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$300m for "innovative" new bus fleet


Adelaide’s bus fleet is set for a makeover, with 400 new buses to be integrated into the public transport network over the next decade, at a cost of $300 million – and “as many as possible” to be built locally.

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The State Government today announced it would step up the revitalisation of its ageing bus fleet with a new fleet to “replace ageing buses and those that reach the compulsory retirement age of 25 years”.

It’s understood around 25 buses are currently replaced each year – so the introduction of 40 new vehicles a year for the next 10 years represents a significant increase in the turnover rate.

The Government told InDaily the $30 million annual cost was already in the budget.

The contract will go out to tender today, which “will require the successful tenderer to maximise opportunities for local industry and local jobs, meaning as many of the buses as possible will be manufactured” locally – in a bid to provide manufacturing jobs to offset the impact of tomorrow’s Holden closure.

“The State Government is committed to supporting workers into transitioning into new roles and helping businesses to diversify,” said Manufacturing and Innovation Minister Kyam Maher in a statement.

Transport Minister Stephen Mullighan said the contract represented “SA’s largest single order of new buses”.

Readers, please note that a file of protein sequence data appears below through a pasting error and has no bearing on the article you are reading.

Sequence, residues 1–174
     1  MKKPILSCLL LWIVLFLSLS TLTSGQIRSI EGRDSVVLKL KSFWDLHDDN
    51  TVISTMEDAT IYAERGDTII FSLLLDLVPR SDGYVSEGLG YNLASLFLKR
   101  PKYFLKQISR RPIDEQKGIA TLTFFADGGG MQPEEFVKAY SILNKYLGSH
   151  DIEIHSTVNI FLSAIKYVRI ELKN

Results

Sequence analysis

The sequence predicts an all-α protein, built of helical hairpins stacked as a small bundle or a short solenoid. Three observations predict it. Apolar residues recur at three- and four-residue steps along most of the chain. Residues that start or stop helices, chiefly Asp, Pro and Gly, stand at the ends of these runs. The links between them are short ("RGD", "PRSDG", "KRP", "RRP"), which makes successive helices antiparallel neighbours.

“The replacement buses will benefit South Australians by providing a modern, cost-efficient fleet that requires less maintenance, less time off the road, and that will provide an efficient transport option that will ease traffic congestion,” said Mullighan.

“The Request for Tender will require each tenderer to detail an Industry Participation Plan that maximises the opportunities for South Australian workers and industry… we want as many of the new buses built for South Australia, in South Australia.”

The Government said the contract would also encourage innovation “with flexible contractual conditions that facilitate the development of new and emerging technologies such as electric buses, micro-hybrids and hydrogen powered buses”, as well as a focus on “improving the customer experience” with facilities such as WiFi.

Premier Jay Weatherill said the move “has the potential to provide a boost to local manufacturing, secure hundreds of local jobs and further modernise our public transport network”.

The Opposition welcomed the announced, with Transport spokesman David Pisoni similarly urging a focus on local construction and new technology “for passenger safety and comfort”, as well as on electric and hydrogen vehicles.

“We look forward to seeing more detail,” he said.

Industry Advocate Ian Nightingale said in a statement that “government expenditure in stimulating economic growth has never been more important than [today’s] announcement”.

“A Tailored Industry Participation Plan will seek to maximise the benefits for local industry, providing opportunities to the automotive supply chain and the creation of employment in the manufacture of the buses,” he said.

“As the Industry Advocate, I will be monitoring commitments made during the tender process to make sure those commitments about local jobs, local investment and local supply inputs are being delivered.”

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